2016, Sunset Pictures/That’s Hollywood
Chris Anderson (original book Raging Bull II: Continuing the Story of Jake LaMotta)
Sharon McGehee (original book Raging Bull II: Continuing the Story of Jake LaMotta)
Jake LaMotta (original book Raging Bull II: Continuing the Story of Jake LaMotta))
Rustam Branaman (screenplay)
Martin Guigui (screenplay)
William Forsythe (Jake LaMotta)
Joe Mantegna (Rick Rosselli)
Tom Sizemore (Tony)
Paul Sorvino (Giuseppe LaMotta)
Penelope Ann Miller (Debbie Forrester)
Mojean Aria (Young Jake)
Ray Wise (Father Joseph)
Natasha Henstridge (Sally)
James Russo (Rocky Graziano)
Robert Davi (Aaron Levy)
Cloris Leachman (Lilian Forrester)
Mike Starr (Jerry)
Bruce Davison (D.A. Bonomi)
Over three and a half decades after Robert DeNiro’s Oscar winning performance of boxer Jake LaMotta in Raging Bull, this new film, originally meant as a sequel, is more of a different take that highlights the rise and fall of the one-time “Bronx Bull”.
As he is about to be indicted for throwing a fight many years ago, former world champion boxer Jake LaMotta reminisces about his childhood. Raised by a stern father, Jake has always learned that the world is all about survival of the fittest. When his father puts Jake in a series of local street fights against some of the local tough boys, Jake gains the endurance to be able to continue fighting. However, when he is sent to a Catholic boarding school, Father Joseph properly teaches Jake the art of boxing, thus setting up the beginning for what would be his prolific career.
As Jake attempts to live his life after retirement, he learns the hard way that it is not without its obstacles. First, he deals with losing his third wife after he lets his ego get the best of him again. His friend, Rick, puts Jake in a near fatal situation with local mobsters after he refuses to help them on a job. As Jake meets another woman named Debbie and gets in good with her, his life also finds a major positive when he reunites successfully with estranged daughter Lisa. As Lisa and Jake’s father-daughter relationship grows stronger, Jake soon realizes that Rick has been leeching off Jake’s former success. As Jake continues to make himself a better person, he compares the obstacles to his life inside the ring. Will Jake finally be able to achieve a better life for himself?
When the film was originally announced in 2012, it was intended to be a sequel to the 1980 classic Raging Bull. However, a contract clause resulted in a lawsuit that was settled out of court when the filmmakers agreed to re-name the film. In some ways, this can be seen as a sequel of sorts to that film. Yet without DeNiro reprising the role of Jake LaMotta, it truly doesn’t make sense as his performance earned him the Best Actor award at the Academy Awards. However, the idea to juxtapose LaMotta’s in-ring action with the obstacles that plague his life is a very smart move as it shows the endurance that LaMotta has in terms of making a better life for himself.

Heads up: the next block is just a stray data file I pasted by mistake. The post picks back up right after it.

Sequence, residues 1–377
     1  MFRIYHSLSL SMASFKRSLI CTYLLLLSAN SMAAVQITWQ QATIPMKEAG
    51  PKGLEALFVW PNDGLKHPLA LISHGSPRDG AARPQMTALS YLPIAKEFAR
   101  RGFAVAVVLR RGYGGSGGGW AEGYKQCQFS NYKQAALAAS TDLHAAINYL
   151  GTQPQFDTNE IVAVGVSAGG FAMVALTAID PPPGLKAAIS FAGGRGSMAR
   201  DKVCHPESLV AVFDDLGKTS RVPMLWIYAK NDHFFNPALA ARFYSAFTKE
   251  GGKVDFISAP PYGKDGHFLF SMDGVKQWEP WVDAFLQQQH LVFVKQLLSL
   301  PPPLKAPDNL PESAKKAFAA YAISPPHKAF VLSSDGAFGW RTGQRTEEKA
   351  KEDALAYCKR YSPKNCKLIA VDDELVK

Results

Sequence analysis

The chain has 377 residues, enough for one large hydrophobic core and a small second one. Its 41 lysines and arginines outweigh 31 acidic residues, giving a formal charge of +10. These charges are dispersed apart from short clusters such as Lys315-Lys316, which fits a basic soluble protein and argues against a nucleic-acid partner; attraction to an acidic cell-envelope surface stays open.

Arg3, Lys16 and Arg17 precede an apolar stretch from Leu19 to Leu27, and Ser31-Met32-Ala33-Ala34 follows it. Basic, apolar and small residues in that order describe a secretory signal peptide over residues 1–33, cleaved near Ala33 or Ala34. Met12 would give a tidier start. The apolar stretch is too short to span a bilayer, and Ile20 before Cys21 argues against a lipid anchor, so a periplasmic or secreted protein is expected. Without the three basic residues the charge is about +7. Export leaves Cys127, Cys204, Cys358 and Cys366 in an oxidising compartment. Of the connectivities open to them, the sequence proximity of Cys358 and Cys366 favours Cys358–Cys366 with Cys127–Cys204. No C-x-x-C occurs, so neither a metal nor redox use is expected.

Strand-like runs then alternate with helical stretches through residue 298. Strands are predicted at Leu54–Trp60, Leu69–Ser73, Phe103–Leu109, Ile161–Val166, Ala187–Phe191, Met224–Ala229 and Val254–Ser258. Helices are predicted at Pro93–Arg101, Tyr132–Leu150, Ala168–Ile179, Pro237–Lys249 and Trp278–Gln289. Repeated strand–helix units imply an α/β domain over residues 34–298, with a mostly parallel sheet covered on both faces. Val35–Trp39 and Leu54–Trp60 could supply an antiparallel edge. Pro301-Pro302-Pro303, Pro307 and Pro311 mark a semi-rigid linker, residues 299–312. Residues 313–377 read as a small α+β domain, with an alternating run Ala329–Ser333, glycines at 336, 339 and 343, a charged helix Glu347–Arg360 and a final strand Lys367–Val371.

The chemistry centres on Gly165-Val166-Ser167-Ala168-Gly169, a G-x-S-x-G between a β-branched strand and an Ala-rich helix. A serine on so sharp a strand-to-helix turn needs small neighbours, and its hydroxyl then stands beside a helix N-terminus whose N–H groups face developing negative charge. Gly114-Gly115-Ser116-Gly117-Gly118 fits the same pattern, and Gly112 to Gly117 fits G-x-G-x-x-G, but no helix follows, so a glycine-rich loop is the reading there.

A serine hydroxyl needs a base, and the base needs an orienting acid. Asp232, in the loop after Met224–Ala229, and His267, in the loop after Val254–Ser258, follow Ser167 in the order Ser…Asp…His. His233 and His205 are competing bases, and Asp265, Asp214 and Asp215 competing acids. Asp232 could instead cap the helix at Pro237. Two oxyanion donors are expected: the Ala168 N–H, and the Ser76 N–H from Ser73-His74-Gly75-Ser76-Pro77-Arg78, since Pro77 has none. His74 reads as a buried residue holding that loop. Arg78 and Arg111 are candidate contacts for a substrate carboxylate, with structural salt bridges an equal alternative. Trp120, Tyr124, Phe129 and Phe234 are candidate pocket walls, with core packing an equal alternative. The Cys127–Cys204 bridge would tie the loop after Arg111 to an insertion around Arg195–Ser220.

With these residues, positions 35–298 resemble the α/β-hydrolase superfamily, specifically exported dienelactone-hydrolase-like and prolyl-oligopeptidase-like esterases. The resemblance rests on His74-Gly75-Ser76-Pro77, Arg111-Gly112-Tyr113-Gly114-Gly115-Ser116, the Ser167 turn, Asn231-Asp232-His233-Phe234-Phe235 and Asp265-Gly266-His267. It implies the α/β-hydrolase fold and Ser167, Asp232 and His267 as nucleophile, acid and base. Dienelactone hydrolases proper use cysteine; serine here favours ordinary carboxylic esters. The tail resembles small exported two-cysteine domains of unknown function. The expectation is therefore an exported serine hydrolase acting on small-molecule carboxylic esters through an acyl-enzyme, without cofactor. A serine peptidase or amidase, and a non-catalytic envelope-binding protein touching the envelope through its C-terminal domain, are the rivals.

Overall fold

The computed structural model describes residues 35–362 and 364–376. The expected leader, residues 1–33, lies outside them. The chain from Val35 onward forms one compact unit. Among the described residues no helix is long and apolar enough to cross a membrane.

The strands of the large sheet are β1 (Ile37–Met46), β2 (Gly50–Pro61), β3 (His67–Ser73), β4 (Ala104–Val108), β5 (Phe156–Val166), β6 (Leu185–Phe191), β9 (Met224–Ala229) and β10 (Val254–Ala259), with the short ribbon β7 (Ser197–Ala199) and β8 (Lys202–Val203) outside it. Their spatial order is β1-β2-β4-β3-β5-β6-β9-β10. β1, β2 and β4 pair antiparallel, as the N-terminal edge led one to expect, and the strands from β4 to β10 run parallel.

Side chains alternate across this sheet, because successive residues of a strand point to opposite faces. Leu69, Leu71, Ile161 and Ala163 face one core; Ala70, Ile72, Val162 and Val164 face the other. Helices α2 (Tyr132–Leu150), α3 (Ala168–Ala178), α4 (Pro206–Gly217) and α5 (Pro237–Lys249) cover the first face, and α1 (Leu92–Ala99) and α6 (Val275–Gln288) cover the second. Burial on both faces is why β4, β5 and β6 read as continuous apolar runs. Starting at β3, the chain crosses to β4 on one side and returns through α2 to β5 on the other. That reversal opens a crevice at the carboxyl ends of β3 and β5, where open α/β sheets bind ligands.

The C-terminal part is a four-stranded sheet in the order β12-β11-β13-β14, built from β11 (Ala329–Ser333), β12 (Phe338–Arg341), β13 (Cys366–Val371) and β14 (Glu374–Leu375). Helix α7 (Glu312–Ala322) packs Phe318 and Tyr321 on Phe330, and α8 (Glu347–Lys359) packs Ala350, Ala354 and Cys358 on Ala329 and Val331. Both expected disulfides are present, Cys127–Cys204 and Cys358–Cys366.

That doesn’t mean that William Forsythe doesn’t bring out a good performance as LaMotta. For what can be pretty much be a “new” take on the story, Forsythe is actually pretty good as the titular Bronx Bull. Where Raging Bull focused mainly on the career and some of the post-ring career of LaMotta, this film can meshes as a prequel followed by little in-ring action followed by the viewer following on the more elder LaMotta as he attempts to just make his life better. We see the ego that made LaMotta an uncontrollable “raging bull” when he confronts Sally’s boss, accusing him of sleeping with her.
Joe Mantegna brings some decent support as the leeching Rick, who only makes the most of his success known because he is the best friend of LaMotta. However, he gets LaMotta in a pickle with two local mobsters, played by Tom Sizemore and Mike Starr. Natasha Henstridge and Penelope Ann Miller play the women who LaMotta fall for while there is good reason why the father-daughter relationship between Jake and Lisa seems natural. It is because Lisa is played by Forsythe’s real-life daughter Rebecca.
The Bronx Bull will ultimately be unfavorably compared to Raging Bull, but it is actually a decent look at the life of Jake LaMotta before and after the ring. William Forsythe’s portrayal of LaMotta may not be a Oscar-winning performance, but he definitely drives the film quite well.
WFG RATING: B-